Surfing twin waves of credit from the US and China that have driven prices up by 60 percent in the last eight years, Hong Kong has become one of the world’s most unaffordable places to buy a home. Now UBS says that the city ranks second globally, behind only London, among housing markets most likely to have their bubble burst in the near future.
According to a report released on Thursday by the Swiss financial services giant, Hong Kong’s stagnant wages and rising supply of new homes, coupled with slowing growth in China, have put housing prices out of sync with the real economy.
The UBS Global Real Estate Bubble Index, predicts that the city’s home prices will drop 10 percent during 2016, and finds that Hong Kong’s market is more at risk than other famously frothy locations such as Vancouver, San Francisco or Singapore.
Hong Kongers Work One Year to Buy 3 SQM
Analysts at UBS pointed to Hong Kong’s record-high home price-to-income ratio, and high home price to rent ratio, as indicators that the city has a distinct risk of a housing bubble. According to the survey, which covered 15 cities globally, average home prices in Hong Kong are now 21 times average annual incomes – far exceeding the 14-to-1 ratio in London, which scored second on this scale. The study indicated that the annual income of even a highly skilled worker would be enough to purchase only 3 square metres of living space.
“House prices have decoupled most from local incomes in Hong Kong, London, Paris, Singapore, New York and Tokyo, where buying a 60-square-meter apartment exceeds the budget of most people who work even in the highly skilled service sector,” commented Matthias Holzhey, an economist at UBS’ Chief Investment Office for wealth management.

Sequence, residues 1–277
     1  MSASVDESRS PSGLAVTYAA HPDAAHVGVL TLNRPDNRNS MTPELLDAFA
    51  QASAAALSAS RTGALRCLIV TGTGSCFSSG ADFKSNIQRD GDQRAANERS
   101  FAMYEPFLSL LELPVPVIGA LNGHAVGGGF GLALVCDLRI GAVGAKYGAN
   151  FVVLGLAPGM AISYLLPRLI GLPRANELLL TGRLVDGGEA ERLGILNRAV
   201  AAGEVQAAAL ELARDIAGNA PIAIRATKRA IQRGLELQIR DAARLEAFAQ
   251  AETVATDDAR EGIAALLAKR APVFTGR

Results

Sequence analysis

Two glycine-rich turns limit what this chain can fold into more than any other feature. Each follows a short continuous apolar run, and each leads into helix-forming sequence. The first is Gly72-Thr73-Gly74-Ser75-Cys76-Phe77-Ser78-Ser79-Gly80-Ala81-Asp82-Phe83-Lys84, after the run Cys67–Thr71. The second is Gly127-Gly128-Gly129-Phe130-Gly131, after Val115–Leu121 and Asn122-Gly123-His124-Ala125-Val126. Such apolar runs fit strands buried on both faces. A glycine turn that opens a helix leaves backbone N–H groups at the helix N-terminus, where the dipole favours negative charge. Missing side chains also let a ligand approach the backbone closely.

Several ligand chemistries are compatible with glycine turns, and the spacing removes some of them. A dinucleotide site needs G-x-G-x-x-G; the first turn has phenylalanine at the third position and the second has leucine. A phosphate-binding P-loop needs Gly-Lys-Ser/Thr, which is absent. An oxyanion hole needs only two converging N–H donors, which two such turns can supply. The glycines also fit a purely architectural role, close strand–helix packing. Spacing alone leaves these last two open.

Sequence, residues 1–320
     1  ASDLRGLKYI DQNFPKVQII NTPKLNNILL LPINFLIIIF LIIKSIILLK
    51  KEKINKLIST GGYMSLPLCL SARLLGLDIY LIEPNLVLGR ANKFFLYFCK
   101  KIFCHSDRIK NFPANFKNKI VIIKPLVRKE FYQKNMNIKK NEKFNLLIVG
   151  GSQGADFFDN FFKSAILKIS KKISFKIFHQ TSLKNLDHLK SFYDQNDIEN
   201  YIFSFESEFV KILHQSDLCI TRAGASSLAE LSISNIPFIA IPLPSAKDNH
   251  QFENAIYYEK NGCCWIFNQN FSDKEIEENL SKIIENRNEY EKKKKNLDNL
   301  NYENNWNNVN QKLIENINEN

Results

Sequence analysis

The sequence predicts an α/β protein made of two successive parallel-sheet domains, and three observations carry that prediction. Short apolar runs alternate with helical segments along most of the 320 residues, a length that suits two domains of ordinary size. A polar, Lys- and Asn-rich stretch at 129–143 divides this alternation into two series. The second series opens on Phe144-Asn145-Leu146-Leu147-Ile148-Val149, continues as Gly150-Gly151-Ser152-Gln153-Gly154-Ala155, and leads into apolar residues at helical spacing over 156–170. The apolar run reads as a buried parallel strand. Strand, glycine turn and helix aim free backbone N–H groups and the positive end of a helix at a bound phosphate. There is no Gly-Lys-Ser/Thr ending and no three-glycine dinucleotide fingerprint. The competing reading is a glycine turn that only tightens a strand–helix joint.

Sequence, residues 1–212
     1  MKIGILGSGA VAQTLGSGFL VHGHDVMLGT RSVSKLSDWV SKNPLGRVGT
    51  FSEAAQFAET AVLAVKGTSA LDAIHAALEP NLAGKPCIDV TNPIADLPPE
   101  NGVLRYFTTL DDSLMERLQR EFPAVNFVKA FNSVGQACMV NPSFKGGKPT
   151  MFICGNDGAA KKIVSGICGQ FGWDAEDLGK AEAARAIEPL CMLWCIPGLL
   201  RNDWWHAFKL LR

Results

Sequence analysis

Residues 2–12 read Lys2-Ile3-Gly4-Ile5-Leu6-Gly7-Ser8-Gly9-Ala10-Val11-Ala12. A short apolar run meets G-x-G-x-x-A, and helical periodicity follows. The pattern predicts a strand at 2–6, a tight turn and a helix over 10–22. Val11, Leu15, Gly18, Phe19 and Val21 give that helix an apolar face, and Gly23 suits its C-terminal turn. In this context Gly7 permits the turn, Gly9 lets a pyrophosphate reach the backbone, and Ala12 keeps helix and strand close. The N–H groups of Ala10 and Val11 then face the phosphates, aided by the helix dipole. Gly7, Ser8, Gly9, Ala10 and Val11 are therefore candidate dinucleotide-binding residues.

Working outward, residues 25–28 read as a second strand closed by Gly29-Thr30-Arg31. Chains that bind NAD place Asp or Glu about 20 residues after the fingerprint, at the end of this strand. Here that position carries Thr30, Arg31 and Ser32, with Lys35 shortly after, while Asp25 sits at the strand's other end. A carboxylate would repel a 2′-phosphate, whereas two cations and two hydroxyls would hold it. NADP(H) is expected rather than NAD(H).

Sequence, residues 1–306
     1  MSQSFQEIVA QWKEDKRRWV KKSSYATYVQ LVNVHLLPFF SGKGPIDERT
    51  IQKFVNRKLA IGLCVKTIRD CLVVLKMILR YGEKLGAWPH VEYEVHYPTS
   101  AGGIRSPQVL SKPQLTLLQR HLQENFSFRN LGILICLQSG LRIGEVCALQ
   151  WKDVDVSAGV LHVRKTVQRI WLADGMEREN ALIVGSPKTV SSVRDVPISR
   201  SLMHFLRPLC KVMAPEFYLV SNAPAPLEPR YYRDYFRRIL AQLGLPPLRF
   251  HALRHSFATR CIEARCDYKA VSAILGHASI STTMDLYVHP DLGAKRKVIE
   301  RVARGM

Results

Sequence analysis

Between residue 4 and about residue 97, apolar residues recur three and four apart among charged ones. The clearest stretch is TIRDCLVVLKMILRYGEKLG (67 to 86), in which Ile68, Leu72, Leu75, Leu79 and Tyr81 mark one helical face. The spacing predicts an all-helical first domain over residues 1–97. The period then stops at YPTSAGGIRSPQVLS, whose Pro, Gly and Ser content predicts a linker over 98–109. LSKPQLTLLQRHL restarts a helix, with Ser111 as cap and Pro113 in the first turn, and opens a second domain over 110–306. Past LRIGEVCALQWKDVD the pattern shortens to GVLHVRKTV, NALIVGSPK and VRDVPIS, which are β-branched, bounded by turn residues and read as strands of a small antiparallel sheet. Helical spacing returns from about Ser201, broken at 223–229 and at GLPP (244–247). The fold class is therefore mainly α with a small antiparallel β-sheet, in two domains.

Hong Kong also was picked out as frothy due to its price to rent ratio of 33, which means that a tenant would have to rent a home for 33 years to match the cost of buying.
Property prices in the city are now 60 percent higher than they were in 2006, and nearly 200 percent higher than in 2003, when the market bottomed out after the Asian financial crisis. During the same period, rents have risen by only 35 percent, while incomes have remained flat in real terms.
Hong Kong Seen Facing Downdrafts
Aside from the historically high prices, the UBS survey pointed to growing risks for Hong Kong due to regional economic conditions.
With China’s GDP growth slowing to a reported 6.9 percent last quarter, the lowest level since 2009, the city may not be able to rely on the mainland for buoyancy.
The intention of the US Federal Reserve to raise interest rates, as well as a worsening job market in Hong Kong are also seen as pulling the housing market downward, at the same time that new housing construction is hitting the highest level in the past decade.
Last month investment bank CLSA also predicted an imminent downturn in the Hong Kong housing market, and estimated that prices would drop 17 percent in the next 27 months.
Sydney, Vancouver, SF and Amsterdam Also At Risk
Besides Hong Kong and London, the economists also identified the markets in Sydney, Vancouver, San Francisco and Amsterdam as being at risk due to deviations from the long-term home price norms for the cities.
Claudio Saputelli, Head of Global Real Estate for UBS’ Chief Investment Office, said, “A mix of optimistic expectations, favorable economic fundamentals and capital inflows from abroad has caused valuations to soar in certain cities in recent years. Loose monetary policy has prevented a normalization of housing markets and encouraged local bubble risks to grow.”
Valuations were also seen as stretched in Geneva, Zurich, Paris, Frankfurt and, to a lesser degree, Tokyo and Singapore.
Despite recent market recoveries, the US cities of New York and Boston were seen as fair-valued relative to their own history, while Chicago is undervalued.